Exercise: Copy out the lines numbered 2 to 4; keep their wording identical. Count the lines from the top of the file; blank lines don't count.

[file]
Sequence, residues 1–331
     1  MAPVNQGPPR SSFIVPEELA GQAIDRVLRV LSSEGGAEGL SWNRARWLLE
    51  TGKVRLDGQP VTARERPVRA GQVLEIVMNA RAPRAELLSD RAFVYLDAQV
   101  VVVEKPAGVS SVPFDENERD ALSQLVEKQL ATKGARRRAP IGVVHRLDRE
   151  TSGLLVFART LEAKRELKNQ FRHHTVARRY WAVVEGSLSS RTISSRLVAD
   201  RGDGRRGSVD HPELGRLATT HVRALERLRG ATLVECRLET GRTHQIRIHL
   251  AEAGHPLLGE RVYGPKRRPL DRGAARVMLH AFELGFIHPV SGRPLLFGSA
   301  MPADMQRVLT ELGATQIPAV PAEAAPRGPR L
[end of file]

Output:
     1  MAPVNQGPPR SSFIVPEELA GQAIDRVLRV LSSEGGAEGL SWNRARWLLE
    51  TGKVRLDGQP VTARERPVRA GQVLEIVMNA RAPRAELLSD RAFVYLDAQV
   101  VVVEKPAGVS SVPFDENERD ALSQLVEKQL ATKGARRRAP IGVVHRLDRE